A Golden Moment

golden-moments

Not long ago I had a gentleman join one of my memory care groups. We can call him “John.” For the first few weeks that I saw him, John sat on the periphery of the group and declined invitations to join in. One day he was wearing an Oregon Bach Festival t-shirt, so I naturally struck up a conversation with him. John was soft spoken and kind, and from that point on we bonded easily over our mutual love for baroque music. When I brought my flute to a session and played a sonata by Handel, he lit up. After that it took very little prompting for John to make himself comfortable in the group. He played maracas and sang along to Sinatra. One afternoon John’s wife came to visit and sat in on a music therapy session. She pulled me aside afterwards and said, “I haven’t seen him like that in a very long time. You’re the only one who can reach the real John.”

 

Working as music therapists gives us a special and unique perspective. We get the gift of seeing our clients in a light that is only possible through music. If you believe in magic, this is where it happens. I feel honored to be a part of it!

Song List Series – Classic Rock Songs with Vowels in the Chorus

classic-rock-songswith

This may seem like an oddly specific sub-genre, but music therapists often work with clients that have speech goals. Songs that have sustained or repeated vowels in the chorus can address breath control, word “shaping,” and even self-expression! Plus, in this day and age classic rock is an increasingly popular genre that reaches across generations.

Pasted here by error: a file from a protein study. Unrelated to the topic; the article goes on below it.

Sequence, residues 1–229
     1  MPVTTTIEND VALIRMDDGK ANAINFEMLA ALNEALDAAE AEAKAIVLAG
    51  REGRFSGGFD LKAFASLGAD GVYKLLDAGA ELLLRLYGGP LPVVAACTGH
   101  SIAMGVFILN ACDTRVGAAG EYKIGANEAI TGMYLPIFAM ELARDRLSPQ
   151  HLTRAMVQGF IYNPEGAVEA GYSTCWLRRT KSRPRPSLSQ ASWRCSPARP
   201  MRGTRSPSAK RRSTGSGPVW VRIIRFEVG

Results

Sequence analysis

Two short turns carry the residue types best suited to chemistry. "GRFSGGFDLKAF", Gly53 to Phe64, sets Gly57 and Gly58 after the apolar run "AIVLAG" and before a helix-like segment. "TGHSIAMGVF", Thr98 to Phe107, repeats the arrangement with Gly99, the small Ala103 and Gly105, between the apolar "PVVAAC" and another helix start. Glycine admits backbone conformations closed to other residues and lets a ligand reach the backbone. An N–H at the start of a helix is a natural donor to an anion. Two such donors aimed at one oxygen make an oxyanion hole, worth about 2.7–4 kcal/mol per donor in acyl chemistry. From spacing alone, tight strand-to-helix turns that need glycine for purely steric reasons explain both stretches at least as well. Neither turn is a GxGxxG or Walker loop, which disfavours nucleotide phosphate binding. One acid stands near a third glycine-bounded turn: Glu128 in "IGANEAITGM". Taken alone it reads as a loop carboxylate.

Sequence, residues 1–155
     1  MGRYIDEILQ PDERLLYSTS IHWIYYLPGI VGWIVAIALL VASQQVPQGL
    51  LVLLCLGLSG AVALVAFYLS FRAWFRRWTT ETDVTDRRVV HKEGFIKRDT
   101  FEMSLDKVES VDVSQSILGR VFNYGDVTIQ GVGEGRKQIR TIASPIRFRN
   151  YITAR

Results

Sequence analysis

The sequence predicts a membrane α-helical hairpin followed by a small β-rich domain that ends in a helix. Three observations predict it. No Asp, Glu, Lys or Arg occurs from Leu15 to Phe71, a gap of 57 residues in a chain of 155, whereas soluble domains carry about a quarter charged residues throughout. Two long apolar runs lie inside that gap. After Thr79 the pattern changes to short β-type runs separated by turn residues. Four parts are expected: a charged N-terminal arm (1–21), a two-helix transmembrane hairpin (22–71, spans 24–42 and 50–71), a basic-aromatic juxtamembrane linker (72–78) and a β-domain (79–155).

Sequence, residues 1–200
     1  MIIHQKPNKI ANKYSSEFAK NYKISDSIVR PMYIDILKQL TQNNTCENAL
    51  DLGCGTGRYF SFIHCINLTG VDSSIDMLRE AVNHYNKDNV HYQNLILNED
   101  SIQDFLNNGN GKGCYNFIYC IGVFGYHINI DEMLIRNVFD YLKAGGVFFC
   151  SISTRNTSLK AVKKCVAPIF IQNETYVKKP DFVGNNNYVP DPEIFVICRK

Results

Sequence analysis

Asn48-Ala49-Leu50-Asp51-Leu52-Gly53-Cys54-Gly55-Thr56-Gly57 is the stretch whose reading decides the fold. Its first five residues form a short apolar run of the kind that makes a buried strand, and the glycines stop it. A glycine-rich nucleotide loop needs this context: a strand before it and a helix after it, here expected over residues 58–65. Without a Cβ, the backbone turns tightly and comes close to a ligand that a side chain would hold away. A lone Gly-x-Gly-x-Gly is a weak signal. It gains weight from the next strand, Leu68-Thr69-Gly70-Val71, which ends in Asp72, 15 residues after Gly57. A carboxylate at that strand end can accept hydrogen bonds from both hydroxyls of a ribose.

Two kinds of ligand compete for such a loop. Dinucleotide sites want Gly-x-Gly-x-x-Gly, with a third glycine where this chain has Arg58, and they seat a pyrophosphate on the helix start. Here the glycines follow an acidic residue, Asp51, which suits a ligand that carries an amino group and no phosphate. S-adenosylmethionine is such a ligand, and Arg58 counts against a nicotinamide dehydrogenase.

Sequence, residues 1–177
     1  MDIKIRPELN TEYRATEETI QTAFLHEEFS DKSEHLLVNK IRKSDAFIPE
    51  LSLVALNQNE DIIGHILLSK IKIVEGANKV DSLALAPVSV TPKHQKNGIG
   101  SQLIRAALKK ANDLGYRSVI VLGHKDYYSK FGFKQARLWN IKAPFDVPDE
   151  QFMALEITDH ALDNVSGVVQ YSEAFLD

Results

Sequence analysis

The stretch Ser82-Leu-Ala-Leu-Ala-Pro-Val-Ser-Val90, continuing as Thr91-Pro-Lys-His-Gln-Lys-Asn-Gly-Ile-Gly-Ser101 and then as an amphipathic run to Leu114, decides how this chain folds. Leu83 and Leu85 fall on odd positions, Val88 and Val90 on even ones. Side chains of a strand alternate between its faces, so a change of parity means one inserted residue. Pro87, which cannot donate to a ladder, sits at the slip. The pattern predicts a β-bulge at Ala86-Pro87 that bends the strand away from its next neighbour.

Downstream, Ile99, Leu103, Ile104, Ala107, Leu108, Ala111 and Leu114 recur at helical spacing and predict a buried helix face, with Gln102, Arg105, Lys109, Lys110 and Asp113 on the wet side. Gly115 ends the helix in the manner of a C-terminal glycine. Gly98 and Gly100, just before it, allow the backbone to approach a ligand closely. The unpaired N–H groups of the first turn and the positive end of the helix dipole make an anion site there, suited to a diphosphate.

“Who Are You” by The Who

“Jersey Girl” by Bruce Springsteen

“Brown Eyed Girl” by Van Morrison

“Livin’ on a Prayer” by Bon Jovi

“D’yer Mak’er” by Led Zeppelin

“Sweet Child of Mine” by Guns n Roses

“Take on Me” by a-ha

“Crocodile Rock” by Elton John

“Don’t Worry Be Happy” by  Bobby McFerrin

“Immigrant Song” by Led Zeppelin

“Obla Di Obla Da” by The Beatles

“Bad to the Bone” by George Thorogood

“Listen to the Music” by Doobie Brothers

“Bobby McGee” by Janis Joplin

“Judy Blue Eyes” by Crosby, Stills & Nash

Tune in next week for songs with great hooks!

Song List Series – Songs About Grief and Loss

Every so often a repertoire-related question pops up in a music therapy forum online. What follows is usually a flood of fantastic song suggestions. We thought, why not compile them? This week our theme is “Songs About Grief and Loss.”

  1. “Work Song” by Hozier
  2. “If I Ever Leave This World Alive” by Flogging Molly
  3. “St. Jude” by Florence + the Machine
  4. “Wanting Memories” by Sweet Honey in the Rock
  5. “Beam Me Up” by Pink
  6.  “Mark’s Song” by EastMountainSouth
  7. “When I See You Again” by Charlie Puth
  8. “Parting Glass” by Wailing Jennys
  9. “To Where You Are” by Josh Groban
  10. “Temporary” by John Bucchino
  11. “Brief Eternity” by Bobby McFerrin
  12. “Hey Kind Friend” by Indigo Girls
  13. “Through My Prayers” by Avett Brothers
  14. “In My Life” by The Beatles
  15. “Somewhere Over the Rainbow” by Harold Arlen (Or Israel Kamakawiwo’ole)

We also highly recommend “Heart Strings Vol. 1”, which is an album written and performed by  Willamette Valley Hospice music therapists Jillian Hicks MA MT-BC, Jessica Western MT-BC & Ivan Caluya (Music Therapy intern). It features original music by the music therapists AND songs that were written and co-written by hospice patients. You can find more info –> HERE<–

Check back next week for another list! The theme is “Classic Rock.”